ADAM KARNKOWSKI

Age: 30 Lo­ca­tion: Texas, US Back­ground: Aerial con­struc­tion worker

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In my day job I work as a drone op­er­a­tor for a con­struc­tion com­pany. I use drones to in­spect roofs that are too danger­ous to climb and cre­ate videos of dif­fer­ent phases of build­ing projects to present to fu­ture clients.

The drones I use at work are very dif­fer­ent from my rac­ing drones. My work drones are de­signed to be in­cred­i­bly sta­ble and in­tel­li­gent enough to fly them­selves while tak­ing high­qual­ity pic­tures. In com­par­i­son, my rac­ing drones are much smaller, faster and more un­sta­ble, mak­ing them ideal for high-speed ma­noeu­vres. I com­pare my work drones to air­lin­ers and my rac­ing drones to fighter jets.

I started play­ing with re­mote con­trol toys when I was about five-years-old. My dad used to fly re­mote con­trol air­planes com­pet­i­tively in Europe.

In col­lege I was very pas­sion­ate about fly­ing air­planes, but I missed the so­cial and com­pet­i­tive as­pect of the hobby, so I switched to re­mote con­trol cars which I raced at lo­cal get-to­geth­ers with hob­by­ists. Then, one day I came across a video of drone rac­ing on YouTube – and it blew my mind.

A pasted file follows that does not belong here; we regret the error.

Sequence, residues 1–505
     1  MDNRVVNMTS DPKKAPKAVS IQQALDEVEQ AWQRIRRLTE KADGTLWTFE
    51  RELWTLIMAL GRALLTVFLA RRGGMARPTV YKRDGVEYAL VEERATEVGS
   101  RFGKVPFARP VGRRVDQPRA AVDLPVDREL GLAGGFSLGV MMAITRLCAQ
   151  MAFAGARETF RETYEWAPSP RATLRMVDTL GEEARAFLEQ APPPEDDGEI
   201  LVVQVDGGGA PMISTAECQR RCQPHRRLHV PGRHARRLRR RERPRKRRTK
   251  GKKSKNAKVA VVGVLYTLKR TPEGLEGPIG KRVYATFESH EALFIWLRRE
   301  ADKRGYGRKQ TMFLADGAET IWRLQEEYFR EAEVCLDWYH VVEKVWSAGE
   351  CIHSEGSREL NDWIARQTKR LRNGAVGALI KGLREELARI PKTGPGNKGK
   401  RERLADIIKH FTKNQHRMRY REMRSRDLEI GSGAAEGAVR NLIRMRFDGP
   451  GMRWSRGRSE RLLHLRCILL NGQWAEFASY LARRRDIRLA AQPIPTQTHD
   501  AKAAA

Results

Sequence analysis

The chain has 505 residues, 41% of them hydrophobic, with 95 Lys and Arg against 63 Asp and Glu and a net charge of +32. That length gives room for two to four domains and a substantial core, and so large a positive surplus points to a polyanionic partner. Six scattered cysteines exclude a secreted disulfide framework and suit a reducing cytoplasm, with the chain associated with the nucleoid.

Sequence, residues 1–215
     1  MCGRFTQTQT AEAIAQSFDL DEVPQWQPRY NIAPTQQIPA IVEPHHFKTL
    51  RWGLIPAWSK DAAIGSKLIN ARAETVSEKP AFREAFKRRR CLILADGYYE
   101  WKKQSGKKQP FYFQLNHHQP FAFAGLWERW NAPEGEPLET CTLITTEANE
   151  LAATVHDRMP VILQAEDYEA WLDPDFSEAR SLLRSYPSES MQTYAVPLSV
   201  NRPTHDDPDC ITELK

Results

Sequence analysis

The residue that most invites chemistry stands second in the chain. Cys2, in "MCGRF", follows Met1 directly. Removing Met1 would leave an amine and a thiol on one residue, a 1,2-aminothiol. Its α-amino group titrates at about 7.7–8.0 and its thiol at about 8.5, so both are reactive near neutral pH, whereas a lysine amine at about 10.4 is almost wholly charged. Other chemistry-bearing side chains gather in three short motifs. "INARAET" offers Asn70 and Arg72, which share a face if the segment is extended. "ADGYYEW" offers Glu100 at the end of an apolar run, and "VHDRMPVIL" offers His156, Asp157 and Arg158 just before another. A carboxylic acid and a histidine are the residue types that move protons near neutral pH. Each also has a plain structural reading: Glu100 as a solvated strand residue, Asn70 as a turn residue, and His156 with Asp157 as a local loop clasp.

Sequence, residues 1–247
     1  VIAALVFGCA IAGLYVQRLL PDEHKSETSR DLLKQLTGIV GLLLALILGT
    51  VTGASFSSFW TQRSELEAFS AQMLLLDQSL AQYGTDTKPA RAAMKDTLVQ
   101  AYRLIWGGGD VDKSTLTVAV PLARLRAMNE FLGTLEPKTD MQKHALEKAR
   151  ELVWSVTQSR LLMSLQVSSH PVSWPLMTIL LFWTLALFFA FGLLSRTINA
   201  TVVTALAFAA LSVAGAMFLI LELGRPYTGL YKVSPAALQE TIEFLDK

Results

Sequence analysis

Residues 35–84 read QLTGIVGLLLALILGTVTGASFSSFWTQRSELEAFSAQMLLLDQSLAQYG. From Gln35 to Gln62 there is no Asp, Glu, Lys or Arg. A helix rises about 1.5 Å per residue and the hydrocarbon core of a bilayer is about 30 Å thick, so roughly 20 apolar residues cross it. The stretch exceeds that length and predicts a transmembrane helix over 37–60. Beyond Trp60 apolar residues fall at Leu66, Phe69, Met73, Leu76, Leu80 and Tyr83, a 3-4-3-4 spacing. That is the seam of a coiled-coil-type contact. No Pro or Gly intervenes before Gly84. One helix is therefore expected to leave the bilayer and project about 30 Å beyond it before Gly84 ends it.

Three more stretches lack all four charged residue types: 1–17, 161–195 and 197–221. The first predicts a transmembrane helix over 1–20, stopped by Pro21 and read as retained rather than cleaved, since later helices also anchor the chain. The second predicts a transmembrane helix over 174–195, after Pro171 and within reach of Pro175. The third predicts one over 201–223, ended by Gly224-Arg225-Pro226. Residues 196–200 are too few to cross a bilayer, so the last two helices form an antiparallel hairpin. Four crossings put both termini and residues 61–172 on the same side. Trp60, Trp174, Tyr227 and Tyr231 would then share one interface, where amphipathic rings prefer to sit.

As soon as I was able to fly a drone half-de­cently I wanted to start rac­ing. At first it was just two guys fly­ing in the park with home­made gates [ob­sta­cles]. As we got bet­ter, and drone rac­ing be­came more pop­u­lar, more peo­ple started show­ing up to our races. That was about two years ago and I had no idea how huge this sport would be­come.

I fly six days a week af­ter work and at lunchtime. I’m lucky to have friends that are equally pas­sion­ate about drone rac­ing as my­self, so we get to­gether on week­ends and put pres­sure on each other. My day job def­i­nitely helps when I’m de­sign­ing my own tracks. I al­ways try to use the fea­tures of the en­vi­ron­ment that we’re prac­tis­ing in, whether it’s a park, aban­doned ware­house or a garage.

In Dal­las there’s an aban­doned ware­house that we’ve con­verted into a per­ma­nent drone rac­ing track. The ware­house has very post-apoc­a­lyp­tic scenery with many op­por­tu­ni­ties [for] crash­ing and smash­ing our drones into pieces. But, part of the thrill is the sense of con­se­quence of fly­ing in a place that risky. Com­plet­ing a full bat­tery on a track like that with­out a crash is very satisfying.

I’m orig­i­nally from Poland, where drone rac­ing is very pop­u­lar. I’m con­fi­dent the sport will be­come a world­wide phe­nom­e­non. There are kids that are only 10-years-old who are pro­gress­ing so quickly they’ll soon be much bet­ter than me. You watch! >

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